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Session 36 - Solar Activity.
Display session, Tuesday, June 11
Tripp Commons,

[36.18] Three Classes of Chromospheric Ejecta

M. Stage, H. Zirin (BBSO, Caltech), H. Wang (NJIT)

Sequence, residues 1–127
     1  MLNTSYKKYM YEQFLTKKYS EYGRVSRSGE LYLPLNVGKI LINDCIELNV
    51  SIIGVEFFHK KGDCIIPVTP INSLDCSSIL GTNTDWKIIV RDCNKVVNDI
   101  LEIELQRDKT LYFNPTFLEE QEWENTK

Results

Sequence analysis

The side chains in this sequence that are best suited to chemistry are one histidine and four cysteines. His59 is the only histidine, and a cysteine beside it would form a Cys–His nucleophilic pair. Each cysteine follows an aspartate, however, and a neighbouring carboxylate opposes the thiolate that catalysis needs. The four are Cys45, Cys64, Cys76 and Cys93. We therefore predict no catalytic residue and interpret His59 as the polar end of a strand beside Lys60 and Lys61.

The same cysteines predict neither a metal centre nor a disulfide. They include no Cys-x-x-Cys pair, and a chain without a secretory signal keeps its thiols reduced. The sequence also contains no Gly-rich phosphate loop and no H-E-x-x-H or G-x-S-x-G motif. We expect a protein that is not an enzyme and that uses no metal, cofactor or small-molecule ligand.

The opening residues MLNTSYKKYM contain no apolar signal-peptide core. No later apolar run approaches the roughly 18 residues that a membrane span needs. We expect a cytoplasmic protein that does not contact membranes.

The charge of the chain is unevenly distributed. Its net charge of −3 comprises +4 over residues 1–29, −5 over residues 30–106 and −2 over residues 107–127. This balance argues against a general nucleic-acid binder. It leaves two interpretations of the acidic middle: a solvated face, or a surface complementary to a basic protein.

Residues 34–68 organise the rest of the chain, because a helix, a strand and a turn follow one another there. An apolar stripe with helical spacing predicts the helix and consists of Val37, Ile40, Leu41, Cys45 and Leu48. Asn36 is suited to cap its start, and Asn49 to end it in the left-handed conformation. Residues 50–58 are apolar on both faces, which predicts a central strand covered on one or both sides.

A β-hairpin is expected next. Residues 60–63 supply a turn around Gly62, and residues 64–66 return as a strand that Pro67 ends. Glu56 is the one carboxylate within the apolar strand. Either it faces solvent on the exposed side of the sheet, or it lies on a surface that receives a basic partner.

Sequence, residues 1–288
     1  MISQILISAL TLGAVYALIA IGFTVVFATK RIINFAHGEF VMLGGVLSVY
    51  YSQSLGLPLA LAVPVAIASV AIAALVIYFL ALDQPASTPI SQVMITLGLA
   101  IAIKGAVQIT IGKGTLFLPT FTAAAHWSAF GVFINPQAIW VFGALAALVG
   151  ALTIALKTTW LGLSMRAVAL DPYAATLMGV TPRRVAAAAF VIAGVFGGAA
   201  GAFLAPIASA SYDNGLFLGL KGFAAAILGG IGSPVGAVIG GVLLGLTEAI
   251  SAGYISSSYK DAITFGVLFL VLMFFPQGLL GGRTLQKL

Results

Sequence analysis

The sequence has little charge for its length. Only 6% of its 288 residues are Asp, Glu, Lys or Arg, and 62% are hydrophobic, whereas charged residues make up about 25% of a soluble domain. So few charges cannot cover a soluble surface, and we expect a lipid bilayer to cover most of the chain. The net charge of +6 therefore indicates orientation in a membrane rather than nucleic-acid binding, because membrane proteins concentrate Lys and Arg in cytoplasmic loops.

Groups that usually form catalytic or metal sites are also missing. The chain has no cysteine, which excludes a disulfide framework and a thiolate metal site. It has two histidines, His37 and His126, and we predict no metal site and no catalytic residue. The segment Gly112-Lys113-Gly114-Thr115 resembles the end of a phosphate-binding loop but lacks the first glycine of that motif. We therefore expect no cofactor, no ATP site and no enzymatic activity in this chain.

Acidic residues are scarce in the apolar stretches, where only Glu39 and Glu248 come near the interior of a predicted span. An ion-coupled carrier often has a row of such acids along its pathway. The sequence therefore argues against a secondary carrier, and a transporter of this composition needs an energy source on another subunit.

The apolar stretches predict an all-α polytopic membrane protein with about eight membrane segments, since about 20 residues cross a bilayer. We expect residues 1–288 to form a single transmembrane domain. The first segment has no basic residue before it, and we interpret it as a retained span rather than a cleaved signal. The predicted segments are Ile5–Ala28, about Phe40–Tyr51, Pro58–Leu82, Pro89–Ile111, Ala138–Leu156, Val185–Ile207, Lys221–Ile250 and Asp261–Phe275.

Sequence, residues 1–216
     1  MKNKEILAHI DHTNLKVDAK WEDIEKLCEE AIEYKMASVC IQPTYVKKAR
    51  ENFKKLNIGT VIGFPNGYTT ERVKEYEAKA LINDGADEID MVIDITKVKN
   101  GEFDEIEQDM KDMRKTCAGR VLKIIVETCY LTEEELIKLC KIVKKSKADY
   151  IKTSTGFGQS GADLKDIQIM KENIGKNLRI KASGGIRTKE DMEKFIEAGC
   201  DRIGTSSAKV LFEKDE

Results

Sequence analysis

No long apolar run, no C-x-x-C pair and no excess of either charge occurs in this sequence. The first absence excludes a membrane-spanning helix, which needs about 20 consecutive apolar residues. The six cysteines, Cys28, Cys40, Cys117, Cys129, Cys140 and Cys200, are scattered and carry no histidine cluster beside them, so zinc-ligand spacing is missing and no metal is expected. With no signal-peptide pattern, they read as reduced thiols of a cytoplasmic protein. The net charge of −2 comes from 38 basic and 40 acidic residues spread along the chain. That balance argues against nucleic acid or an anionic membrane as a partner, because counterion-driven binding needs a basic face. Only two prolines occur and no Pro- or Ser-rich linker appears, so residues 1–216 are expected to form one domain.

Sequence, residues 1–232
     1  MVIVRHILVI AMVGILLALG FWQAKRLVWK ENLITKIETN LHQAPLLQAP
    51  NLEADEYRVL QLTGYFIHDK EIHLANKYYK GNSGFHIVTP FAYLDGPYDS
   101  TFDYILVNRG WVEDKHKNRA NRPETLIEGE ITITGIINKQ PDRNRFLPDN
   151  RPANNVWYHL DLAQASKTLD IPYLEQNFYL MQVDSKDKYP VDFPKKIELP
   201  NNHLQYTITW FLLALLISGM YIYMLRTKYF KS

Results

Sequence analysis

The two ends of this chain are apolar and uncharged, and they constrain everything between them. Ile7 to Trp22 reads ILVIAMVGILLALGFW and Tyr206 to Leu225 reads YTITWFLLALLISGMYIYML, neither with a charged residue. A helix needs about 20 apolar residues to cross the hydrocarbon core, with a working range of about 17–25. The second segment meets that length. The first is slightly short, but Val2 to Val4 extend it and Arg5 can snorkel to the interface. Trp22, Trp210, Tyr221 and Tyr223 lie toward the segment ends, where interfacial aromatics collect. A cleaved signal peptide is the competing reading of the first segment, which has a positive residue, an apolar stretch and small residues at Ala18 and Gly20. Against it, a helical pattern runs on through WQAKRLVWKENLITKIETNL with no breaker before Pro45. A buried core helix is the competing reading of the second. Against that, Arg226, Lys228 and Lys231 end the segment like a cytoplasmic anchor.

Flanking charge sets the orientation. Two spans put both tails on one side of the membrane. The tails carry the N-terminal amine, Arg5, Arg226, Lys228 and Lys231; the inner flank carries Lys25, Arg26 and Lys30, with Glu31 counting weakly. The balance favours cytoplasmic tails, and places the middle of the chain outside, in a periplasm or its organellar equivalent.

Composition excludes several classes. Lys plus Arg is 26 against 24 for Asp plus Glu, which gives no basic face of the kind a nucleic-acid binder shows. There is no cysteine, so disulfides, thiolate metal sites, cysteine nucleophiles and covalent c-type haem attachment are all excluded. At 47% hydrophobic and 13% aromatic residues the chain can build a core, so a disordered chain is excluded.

We searched for H\alpha counterparts to the C_IV explosive events observed by NRL with the HRTS rocket (Moses et al., 1994). These features do not correspond to spicules and macrospicules. At H\alpha-1.0 Åwe found a third class of features: "eruptive events" which are thick, violent, and not elongated by the magnetic field like the first two. Further, we detected these outflows in the H\alpha\pm0.65 Åspicule images analysed by Suematsu et al. (1995). Although these ejecta are situated like spicules at the edges of magnetic network elements, they are morphologically far different. They appear either as a fat eruption or as a chain of spicules rising sequentially. They truly deserve the name "chromospheric eruptions," which has unfortunately been applied to solar flares. Lifetimes also distinguish the eruptions from the spicules. While spicules are visible in the H\alpha-1.0Åimages for 2 to 3 minutes, the ejections are a complex wave of eruption moving along the network element and repeating several times over 10-12 minutes. The phenomenon may repeat, usually at the same location. Although these lifetimes are considerably longer than the 90 second C_IV lifetimes found by NRL, they appear morphologically quite similar, and repetition would not be seen in the short HRTS observing time. Moses et al. suggest that the C_IV events result from magnetic reconfiguration, and comparison of the locations of the H\alpha ejections with videomagnetograms shows that roughly half correlate with magnetic elements undergoing reconnection. The complex resultant magnetic field configuration could explain why these events are not constrained to slender flux tubes like normal spicules. The combined evidence makes the eruptive events good candidates for C_IV counterparts. Moses, D. et al., (1994) ApJ 430, 913. Suematsu, Y. et al, (1995) ApJ 450, 411.

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